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Showing posts from August, 2019

REO Speedwagon: Life As We Know It (1987)

Where We Left Off:
Wheels Are Turnin' was REO Speedwagon's third consecutive multi-million selling album, producing the #1 hit "Can't Fight This Feeling."


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Produced by the same team as Wheels Are Turnin' (Cronin, Richrath, Gratzer, and David DeVore), Life As We Know It was recorded while when Kevin Cronin was going through a divorce. He says making the album was a welcome distraction from his family falling apart. At the same time, his relationship with Gary Richrath was fraught with tension.

That set of circumstances played a huge part in the album's lyrical content, and knowing the record was the last one for the band's classic line-up makes for an intriguing listen. For example, it's commonly held that "Too Many Girlfriends," a tune about someone running too hot for too long, is Cronin taking a shot at Richrath. This is most evident in the self-referencing line, "he better find the one / he's gonna take on the run / before it…

Let Him Entertain You: An American's Guide to Robbie Williams

“Your country’s refusal to embrace Robbie Williams will forever baffle me.” - Shivrang, New Girl

Dear Citizens of the United States,

You have been missing out.

Great Britain has always had celebrities, songs, and TV shows that don't make it across the ocean and into our pop culture consciousness. For every Bob the Builder and Doctor Who there's a Blue Peter and My Hero. For every Radiohead there's a Super Furry Animals, for every One Direction a Girls Aloud.

Not everything needs to cross over. But, as Shivrang said, the fact that Robbie Williams hasn't is one of the biggest head-scratchers of modern music history. He's got the whole package: catchy radio-ready tunes, great live performances, charm and personality, arresting videos. In the UK all but one of his 11 studio albums have gone to #1 (my favorite 2009's Reality Killed the Video Star only got to #2). He's also had seven #1 singles. In terms of chart performance, Robbie being anonymous here in the US…

REO Speedwagon: Wheels Are Turnin' (1984)

Where we left off:
REO Speedwagon rushed into the studio to follow up the mega-selling Hi Infidelity, producing Good Trouble. The album sold well and featured two top 40 hits, but was nonetheless seen as a disappointment.

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Part of REO's disappointment with Good Trouble was that they'd felt hurried to complete it. They were also, according to the band's VH1 Behind the Music, seriously overindulging in drugs and alcohol. With their next album, they tried to rectify both of these problems. Kevin Cronin led the band (all save guitarist Gary Richrath) on a campaign of improved diet and exercise, and encouraged everyone to moderate their drinking and drug use. And the group took its time in crafting and choosing the songs that would end up comprising Wheels Are Turnin'. Cronin, Richrath, and drummer Alan Gratzer produced, bringing in David Devore (Grateful Dead, Fleetwood Mac, Santana, Foreigner) for production and engineering assistance.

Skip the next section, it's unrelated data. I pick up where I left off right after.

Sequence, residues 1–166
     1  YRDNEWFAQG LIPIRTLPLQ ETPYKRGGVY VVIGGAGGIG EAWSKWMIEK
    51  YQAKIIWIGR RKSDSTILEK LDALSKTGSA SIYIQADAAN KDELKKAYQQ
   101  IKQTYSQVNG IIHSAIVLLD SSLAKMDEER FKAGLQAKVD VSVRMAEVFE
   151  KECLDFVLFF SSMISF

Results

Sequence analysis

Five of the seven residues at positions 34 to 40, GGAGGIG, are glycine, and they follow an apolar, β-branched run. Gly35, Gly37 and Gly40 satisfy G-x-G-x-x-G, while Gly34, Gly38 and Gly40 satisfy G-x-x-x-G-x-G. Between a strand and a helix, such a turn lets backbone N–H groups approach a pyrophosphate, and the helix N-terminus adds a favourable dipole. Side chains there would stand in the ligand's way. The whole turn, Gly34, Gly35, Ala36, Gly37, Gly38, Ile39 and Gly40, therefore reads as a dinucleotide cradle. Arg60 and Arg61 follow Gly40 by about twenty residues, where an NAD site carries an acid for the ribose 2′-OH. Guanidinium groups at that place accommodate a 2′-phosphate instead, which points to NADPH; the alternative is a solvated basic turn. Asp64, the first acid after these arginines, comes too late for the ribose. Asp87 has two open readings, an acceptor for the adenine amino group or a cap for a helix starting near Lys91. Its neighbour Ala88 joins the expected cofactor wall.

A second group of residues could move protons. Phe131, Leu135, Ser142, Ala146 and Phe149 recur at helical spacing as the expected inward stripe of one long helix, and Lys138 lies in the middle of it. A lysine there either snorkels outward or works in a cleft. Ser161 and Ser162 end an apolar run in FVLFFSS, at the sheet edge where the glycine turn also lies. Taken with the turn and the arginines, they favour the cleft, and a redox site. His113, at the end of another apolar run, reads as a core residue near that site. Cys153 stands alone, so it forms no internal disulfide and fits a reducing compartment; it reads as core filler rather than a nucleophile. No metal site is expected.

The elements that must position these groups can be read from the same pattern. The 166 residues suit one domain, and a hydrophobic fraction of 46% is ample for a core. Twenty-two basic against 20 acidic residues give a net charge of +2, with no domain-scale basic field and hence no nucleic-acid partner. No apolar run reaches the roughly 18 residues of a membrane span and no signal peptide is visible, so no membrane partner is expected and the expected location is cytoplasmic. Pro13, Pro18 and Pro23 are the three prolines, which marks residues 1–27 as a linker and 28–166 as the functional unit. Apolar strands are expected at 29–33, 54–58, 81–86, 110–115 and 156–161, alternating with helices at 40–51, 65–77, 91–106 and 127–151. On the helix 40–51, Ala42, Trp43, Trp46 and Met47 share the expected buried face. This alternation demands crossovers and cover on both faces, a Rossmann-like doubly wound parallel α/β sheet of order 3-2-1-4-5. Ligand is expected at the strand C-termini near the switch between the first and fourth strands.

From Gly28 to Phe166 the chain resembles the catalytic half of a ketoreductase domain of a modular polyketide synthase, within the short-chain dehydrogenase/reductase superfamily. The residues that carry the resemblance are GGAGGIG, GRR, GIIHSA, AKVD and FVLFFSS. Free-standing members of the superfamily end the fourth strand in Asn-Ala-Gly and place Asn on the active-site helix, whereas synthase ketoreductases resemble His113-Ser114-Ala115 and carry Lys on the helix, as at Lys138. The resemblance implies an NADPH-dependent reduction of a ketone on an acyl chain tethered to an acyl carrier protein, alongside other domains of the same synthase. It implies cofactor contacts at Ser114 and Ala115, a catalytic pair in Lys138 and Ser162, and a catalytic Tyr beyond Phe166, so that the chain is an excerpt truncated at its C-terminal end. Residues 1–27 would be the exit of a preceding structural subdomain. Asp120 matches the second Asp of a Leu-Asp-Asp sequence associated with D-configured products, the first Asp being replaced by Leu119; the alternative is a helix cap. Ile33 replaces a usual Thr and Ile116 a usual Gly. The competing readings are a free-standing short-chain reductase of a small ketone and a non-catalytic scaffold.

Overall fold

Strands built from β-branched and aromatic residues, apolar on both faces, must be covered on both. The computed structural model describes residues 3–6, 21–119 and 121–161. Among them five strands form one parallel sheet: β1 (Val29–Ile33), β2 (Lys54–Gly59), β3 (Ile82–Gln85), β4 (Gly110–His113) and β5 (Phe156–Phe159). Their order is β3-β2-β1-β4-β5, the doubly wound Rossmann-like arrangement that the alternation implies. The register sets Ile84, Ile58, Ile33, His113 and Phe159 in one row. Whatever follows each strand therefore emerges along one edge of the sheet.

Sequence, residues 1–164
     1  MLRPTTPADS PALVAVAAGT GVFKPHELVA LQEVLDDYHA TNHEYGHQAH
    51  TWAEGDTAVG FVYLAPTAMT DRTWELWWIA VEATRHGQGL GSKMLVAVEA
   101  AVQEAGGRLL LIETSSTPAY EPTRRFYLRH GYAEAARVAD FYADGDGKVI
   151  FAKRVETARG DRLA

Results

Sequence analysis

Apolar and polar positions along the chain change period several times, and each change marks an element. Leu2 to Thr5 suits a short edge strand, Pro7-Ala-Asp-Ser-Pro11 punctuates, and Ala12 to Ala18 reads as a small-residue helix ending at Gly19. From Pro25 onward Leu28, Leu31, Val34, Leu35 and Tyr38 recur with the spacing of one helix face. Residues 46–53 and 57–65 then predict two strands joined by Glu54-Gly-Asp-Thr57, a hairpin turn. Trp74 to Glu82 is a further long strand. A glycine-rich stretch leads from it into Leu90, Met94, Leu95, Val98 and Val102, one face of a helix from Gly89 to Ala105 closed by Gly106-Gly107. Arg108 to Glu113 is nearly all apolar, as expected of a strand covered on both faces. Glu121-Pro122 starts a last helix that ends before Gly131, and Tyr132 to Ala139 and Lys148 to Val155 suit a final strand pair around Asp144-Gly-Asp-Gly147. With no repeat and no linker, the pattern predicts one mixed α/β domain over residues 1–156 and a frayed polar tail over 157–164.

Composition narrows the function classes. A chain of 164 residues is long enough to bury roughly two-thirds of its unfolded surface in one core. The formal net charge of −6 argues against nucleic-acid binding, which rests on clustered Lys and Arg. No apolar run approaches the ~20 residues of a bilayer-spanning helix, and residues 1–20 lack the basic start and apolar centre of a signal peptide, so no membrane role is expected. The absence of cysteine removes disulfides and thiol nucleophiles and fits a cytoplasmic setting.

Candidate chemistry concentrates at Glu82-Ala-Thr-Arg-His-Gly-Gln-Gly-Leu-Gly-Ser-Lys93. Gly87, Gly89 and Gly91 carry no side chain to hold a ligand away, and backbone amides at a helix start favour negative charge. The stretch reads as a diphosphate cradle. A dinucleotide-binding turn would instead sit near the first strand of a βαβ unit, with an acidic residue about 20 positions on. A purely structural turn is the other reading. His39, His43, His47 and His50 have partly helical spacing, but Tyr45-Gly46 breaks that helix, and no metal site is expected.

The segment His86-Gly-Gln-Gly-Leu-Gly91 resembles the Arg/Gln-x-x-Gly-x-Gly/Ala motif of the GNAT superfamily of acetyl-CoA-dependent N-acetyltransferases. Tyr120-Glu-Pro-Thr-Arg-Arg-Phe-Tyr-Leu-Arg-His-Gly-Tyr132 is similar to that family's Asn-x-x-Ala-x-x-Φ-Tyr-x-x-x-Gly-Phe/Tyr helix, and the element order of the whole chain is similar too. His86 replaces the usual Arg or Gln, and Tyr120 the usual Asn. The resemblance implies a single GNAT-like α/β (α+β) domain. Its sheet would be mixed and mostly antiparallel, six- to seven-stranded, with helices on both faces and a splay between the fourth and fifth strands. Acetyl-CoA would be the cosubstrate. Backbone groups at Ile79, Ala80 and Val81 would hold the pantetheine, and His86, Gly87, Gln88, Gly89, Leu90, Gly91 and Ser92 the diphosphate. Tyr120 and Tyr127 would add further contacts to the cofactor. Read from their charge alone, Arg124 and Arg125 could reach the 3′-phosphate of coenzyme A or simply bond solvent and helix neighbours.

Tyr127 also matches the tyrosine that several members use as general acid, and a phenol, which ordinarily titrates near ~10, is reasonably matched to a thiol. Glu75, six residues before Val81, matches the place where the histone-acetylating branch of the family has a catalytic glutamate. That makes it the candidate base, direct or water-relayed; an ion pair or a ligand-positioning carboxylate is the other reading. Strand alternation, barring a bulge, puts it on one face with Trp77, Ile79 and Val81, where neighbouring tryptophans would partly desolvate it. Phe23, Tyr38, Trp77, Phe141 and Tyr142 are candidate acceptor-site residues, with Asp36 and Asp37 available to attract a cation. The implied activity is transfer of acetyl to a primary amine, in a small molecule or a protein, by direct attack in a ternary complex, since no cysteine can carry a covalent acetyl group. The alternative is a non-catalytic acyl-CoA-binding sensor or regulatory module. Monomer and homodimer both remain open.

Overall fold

When writing about Good Trouble I r…

REO Speedwagon: Good Trouble (1982)

Where we left off:
REO Speedwagon became household names with the massive sales of Hi Infidelity and the number 1 hit "Keep On Loving You."

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The common narrative pushed by a certain segment of REO Speedwagon fans and various critics is that the breakthrough of Hi Infidelity led the band to abandon their rock bonafides and become a synth band that mostly wrote ballads.

As direct evidence that this is a false narrative, I offer you Good Trouble. From the organ solo on opener "Keep the Fire Burnin'" to the atmospheric rock of Gary Richrath's "Stillness of the Night," Good Trouble is very much continuous with the REO of 1976 on.

Released in June 1982, meaning the guys barely had a moment to breathe following the mega-tour for Hi Infidelity, Good Trouble is in many ways the yang to its predecessor's yin. While Hi Infidelity was a loose concept album about heartbreak, this one is heavy on love songs and devotionals. Cronin's ballad "Sweet …